• Big Dog

    I thought I caught the Coors reference but it was obscure.

    Microsoft is not a person. Corporations do not vote, their owners do. How much money did Gates pay in taxes? He would have a lot of votes.

    The deficit exists because we spend money on things that are not authorized by the Constitution and on BS projects called PORK. Jack Murtha just put in a million dollar pork and no one can find the organization that he earmarked it for. Despite the possibility that it does not exist, Congress passed it. We should not be paying for the transit system in Illinois, the planetarium at some college or for other things that are not authorized.

    We pay more in SS each month than needed and Congress spends the left overs. We take in a fortune in payroll and corporate taxes each month (or quarter depending) and Congress finds ways to spend it. Obama put in nearly 400 million dollars in PORK. He is one guy out of 535 so figure how much they waste.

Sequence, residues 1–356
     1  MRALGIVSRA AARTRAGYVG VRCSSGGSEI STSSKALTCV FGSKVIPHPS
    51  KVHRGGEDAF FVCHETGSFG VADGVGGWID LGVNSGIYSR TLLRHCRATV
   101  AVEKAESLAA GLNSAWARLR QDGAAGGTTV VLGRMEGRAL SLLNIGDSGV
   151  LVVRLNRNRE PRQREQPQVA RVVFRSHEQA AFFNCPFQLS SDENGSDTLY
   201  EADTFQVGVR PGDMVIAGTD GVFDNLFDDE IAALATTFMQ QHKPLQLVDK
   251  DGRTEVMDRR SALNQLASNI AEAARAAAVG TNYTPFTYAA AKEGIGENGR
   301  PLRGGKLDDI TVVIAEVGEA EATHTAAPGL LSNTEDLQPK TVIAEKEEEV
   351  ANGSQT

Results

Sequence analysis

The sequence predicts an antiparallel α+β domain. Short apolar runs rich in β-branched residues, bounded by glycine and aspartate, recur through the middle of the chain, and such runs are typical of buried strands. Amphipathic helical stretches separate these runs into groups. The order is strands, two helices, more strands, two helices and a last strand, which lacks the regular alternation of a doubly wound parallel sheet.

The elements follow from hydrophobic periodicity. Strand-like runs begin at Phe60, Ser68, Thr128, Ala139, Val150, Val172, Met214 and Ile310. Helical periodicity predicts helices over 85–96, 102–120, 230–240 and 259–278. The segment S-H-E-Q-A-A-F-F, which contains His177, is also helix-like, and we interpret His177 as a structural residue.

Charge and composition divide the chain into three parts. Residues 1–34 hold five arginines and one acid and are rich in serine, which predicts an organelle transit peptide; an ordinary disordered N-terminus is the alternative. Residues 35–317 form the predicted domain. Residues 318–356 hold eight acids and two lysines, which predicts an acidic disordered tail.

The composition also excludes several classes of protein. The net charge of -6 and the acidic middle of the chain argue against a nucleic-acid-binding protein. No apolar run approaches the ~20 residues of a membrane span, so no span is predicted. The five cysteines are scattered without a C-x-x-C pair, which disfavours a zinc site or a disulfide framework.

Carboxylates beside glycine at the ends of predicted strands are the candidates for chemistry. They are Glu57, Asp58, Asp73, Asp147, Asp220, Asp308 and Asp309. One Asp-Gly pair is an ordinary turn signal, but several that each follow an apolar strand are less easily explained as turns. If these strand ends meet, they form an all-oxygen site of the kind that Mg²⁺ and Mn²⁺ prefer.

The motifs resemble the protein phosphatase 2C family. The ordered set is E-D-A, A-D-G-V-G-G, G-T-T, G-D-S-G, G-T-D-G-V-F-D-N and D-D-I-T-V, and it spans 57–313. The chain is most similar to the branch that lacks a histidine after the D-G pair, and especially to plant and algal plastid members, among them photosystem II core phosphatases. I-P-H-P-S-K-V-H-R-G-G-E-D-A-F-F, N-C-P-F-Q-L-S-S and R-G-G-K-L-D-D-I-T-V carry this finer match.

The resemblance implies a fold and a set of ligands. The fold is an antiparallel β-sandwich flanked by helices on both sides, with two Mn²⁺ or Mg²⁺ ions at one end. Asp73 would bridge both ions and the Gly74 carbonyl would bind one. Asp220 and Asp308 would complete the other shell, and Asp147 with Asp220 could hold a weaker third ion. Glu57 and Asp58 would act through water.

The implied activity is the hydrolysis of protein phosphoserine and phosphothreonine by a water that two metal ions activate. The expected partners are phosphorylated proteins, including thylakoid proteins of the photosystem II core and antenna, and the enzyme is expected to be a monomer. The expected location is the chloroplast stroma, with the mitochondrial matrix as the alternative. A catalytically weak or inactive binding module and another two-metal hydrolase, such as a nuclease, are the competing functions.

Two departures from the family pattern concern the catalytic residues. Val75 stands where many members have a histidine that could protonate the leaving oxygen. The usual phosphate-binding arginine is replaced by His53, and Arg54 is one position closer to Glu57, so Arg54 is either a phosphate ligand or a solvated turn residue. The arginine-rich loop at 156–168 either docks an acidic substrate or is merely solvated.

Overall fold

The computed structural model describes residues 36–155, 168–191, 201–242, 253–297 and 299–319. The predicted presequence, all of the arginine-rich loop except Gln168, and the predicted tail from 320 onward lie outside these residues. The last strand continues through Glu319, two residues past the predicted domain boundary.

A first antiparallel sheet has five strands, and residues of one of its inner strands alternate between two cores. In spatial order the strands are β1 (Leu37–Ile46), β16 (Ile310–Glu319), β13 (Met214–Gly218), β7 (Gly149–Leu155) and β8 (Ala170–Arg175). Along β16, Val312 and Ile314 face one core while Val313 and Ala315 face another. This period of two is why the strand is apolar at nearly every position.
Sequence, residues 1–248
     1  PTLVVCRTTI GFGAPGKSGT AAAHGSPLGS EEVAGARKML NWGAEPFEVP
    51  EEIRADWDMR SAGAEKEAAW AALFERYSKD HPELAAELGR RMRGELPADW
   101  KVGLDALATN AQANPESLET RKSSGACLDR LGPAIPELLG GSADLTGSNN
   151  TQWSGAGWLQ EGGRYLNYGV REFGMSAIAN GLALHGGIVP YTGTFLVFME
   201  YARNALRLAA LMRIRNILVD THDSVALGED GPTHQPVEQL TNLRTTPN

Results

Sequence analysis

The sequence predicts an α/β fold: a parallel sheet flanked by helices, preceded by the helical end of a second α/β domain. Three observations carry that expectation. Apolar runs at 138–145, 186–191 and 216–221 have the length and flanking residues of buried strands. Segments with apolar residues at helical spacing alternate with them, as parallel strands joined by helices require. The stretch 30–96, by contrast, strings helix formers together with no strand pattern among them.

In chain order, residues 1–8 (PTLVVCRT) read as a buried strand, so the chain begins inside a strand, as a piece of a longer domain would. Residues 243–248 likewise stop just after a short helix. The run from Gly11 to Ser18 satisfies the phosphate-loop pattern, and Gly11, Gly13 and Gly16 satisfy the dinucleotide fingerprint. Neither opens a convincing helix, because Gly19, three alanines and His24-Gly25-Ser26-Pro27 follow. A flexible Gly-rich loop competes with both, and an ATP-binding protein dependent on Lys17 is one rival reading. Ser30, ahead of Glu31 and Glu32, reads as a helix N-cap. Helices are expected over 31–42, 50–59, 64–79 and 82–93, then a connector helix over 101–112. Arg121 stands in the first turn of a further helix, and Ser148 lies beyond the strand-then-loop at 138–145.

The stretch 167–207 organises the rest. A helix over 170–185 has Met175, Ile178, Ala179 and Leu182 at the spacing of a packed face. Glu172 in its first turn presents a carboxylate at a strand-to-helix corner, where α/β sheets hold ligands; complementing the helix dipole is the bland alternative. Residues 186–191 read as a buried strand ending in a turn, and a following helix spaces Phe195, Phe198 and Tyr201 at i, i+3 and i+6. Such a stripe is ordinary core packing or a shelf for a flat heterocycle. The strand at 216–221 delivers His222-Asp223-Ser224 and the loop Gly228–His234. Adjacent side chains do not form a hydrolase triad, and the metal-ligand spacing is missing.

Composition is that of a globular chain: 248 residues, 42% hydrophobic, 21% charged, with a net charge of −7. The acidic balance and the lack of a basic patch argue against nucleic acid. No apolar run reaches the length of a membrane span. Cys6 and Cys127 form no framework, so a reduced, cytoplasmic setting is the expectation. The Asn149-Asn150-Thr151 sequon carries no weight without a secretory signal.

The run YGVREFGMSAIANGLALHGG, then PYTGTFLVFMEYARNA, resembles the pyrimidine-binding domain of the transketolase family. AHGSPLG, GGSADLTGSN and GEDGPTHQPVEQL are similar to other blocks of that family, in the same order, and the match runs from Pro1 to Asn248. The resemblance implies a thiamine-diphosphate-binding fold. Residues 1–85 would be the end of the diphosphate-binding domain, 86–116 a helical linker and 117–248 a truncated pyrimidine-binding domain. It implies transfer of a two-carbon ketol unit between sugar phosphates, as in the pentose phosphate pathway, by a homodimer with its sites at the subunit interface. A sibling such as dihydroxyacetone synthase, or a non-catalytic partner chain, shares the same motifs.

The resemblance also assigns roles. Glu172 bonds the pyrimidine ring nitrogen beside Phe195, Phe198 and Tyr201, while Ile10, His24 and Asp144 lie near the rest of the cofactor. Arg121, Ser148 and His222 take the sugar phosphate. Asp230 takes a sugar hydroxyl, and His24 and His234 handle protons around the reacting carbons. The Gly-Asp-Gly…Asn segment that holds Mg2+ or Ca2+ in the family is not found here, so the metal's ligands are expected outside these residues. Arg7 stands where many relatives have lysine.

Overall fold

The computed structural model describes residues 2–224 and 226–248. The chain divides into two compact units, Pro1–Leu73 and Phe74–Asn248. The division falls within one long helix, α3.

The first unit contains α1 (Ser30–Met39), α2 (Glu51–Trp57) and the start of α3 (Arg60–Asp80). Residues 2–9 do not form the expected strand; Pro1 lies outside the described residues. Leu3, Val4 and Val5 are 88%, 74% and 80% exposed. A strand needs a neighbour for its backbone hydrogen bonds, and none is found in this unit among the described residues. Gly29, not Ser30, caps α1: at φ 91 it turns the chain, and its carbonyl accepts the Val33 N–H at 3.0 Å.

There would be no deficit if there was fiscal responsibility. A Congressman will spend a million dollars for a 20,000 dollar campaign donation. In Congress they call it progress. In my world it is a poor investment.

  • Clavos

    I should give Bill Maher the name of my broker, who’s building my nest egg very nicely for me.

    Naah. Maher’s an asshole; let him go broke.

  • Cindy D

    Well now, your not considering all those votes our representatives make for corporations. After all, if our representatives are continually casting votes for corporate interests I think those votes should count as votes more than one popular vote per person in a candidate election.

    I remember when we had a budget surplus not too long ago. You think it was from a cut back in pork barrel spending?

    I can’t begin to express my rancor at wasteful government spending. It is one thing we agree on. Albeit from different perspectives. It is one of the reasons I despise corporate welfare. I could probably fill up as much space as I have already used. But, I will refrain and go to bed. Good Night.